Thehorse.com - Full Article
by: University of Illinois College of Veterinary Medicine
March 15 2010, Article # 15976
The thought of your new foal becoming infected with worms is a bit too much to bear for many horse owners. All it takes is one face-to-face meeting with a squirmy white roundworm, the type of parasite most common in horses under two years of age, and you'll never again complain about deworming.
Although most equine dewormers are, by law, supposed to be prescribed by a veterinarian, everyone knows that these equine dewormers can be easily purchased in your local agricultural supply store for a relatively small price. The increased availability to horse owners might sound like a good thing, but using these drugs without a veterinarian's guidance may be asking for trouble. For example, their overuse and inappropriate use may lead to the development of a resistant population of worms, causing bigger problems for your animal.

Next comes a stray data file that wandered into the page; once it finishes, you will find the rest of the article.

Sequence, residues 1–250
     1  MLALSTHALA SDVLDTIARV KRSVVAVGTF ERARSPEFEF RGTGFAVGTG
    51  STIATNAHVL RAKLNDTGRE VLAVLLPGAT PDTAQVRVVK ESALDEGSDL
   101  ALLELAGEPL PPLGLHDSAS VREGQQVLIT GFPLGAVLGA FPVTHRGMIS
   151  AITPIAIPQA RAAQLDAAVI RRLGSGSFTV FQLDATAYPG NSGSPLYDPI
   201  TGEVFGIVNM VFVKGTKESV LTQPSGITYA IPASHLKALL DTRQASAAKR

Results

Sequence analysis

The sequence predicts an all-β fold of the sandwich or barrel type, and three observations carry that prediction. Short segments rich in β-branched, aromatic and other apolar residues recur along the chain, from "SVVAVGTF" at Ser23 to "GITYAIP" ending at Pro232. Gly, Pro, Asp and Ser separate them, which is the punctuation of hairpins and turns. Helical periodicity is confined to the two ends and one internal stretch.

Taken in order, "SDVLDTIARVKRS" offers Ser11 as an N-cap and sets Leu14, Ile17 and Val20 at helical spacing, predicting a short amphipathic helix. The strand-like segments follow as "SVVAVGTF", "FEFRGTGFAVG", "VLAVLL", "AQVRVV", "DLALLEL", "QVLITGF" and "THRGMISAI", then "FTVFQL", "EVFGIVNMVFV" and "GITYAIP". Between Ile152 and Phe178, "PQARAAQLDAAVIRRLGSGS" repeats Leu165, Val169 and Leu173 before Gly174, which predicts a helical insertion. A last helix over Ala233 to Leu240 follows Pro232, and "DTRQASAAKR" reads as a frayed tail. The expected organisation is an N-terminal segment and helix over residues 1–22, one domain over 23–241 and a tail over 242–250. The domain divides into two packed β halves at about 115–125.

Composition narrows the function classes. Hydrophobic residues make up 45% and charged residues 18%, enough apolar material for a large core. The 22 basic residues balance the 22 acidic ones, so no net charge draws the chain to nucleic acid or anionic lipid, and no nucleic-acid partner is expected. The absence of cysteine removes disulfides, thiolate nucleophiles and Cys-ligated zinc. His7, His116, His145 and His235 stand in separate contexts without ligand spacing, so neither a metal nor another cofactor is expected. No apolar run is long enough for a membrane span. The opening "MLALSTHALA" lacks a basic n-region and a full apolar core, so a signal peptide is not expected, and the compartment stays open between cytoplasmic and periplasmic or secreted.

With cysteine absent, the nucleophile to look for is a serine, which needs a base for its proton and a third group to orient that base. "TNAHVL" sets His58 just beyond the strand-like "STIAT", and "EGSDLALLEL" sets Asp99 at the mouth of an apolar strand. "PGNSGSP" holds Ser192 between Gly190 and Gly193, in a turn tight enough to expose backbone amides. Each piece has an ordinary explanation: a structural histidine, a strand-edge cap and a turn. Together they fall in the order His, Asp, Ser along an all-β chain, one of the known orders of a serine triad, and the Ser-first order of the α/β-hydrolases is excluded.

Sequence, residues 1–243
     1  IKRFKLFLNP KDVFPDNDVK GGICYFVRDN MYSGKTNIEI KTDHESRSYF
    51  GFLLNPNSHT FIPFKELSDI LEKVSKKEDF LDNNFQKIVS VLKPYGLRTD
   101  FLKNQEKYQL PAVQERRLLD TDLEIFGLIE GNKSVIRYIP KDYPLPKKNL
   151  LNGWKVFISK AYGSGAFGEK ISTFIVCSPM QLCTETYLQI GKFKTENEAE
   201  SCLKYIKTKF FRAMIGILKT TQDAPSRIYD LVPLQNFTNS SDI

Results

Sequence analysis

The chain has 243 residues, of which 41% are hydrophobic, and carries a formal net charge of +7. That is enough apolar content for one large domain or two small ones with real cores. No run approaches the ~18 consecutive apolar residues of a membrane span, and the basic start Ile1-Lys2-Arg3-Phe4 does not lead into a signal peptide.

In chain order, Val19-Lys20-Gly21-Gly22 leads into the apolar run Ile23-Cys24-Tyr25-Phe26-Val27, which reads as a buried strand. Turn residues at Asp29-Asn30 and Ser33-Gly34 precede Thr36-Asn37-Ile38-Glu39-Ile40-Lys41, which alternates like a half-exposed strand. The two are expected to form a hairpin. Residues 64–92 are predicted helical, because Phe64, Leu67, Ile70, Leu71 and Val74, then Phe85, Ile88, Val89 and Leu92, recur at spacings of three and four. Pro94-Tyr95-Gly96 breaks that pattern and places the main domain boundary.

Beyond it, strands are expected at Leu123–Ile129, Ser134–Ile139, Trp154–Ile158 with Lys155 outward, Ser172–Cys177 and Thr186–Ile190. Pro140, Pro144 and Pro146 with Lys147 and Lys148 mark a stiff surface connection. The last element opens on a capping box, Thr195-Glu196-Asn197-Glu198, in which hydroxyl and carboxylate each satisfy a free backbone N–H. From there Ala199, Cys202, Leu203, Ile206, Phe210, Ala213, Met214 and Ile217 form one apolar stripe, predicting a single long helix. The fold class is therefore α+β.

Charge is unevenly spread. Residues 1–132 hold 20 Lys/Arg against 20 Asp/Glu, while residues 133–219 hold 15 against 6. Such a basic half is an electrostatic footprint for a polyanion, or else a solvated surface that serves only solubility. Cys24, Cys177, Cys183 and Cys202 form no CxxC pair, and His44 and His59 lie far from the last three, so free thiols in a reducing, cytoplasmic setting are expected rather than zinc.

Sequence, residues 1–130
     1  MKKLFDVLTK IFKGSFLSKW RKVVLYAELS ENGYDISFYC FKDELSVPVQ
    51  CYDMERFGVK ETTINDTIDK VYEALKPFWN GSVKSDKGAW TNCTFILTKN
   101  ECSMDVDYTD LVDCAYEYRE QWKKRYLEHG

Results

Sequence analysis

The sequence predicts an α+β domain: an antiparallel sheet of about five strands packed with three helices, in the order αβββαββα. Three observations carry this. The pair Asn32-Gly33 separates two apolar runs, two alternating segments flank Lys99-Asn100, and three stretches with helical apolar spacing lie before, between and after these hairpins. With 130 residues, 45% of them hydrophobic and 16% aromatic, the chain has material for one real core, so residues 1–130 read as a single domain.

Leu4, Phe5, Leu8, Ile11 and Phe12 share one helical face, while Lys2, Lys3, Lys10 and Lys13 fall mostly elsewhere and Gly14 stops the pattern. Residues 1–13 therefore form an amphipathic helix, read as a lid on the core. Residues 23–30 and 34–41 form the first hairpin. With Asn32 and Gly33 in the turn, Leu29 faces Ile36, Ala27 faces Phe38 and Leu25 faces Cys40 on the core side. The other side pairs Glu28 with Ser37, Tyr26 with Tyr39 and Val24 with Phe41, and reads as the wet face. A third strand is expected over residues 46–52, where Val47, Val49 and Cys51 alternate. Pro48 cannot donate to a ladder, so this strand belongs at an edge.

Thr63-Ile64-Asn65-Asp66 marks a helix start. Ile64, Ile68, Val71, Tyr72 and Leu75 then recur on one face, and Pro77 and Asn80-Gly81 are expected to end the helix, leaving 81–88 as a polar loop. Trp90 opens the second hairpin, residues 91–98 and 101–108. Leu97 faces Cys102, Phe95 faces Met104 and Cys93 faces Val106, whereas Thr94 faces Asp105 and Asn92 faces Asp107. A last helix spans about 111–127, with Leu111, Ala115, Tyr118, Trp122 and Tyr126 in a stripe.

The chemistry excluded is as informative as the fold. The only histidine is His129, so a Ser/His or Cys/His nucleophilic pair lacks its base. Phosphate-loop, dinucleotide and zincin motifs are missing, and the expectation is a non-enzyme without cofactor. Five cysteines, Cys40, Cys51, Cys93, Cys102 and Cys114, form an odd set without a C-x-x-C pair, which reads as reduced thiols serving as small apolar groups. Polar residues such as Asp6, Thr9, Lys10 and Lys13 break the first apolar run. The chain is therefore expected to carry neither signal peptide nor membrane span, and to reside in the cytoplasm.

Dennis French, DVM, MS, Dipl. ABVP, is an equine veterinarian at the University of Illinois Veterinary Teaching Hospital in Urbana who has studied various equine parasites extensively. He explains that, "most owners are aware of the importance of deworming and start doing so at 30 days of age, but this is not the best approach."
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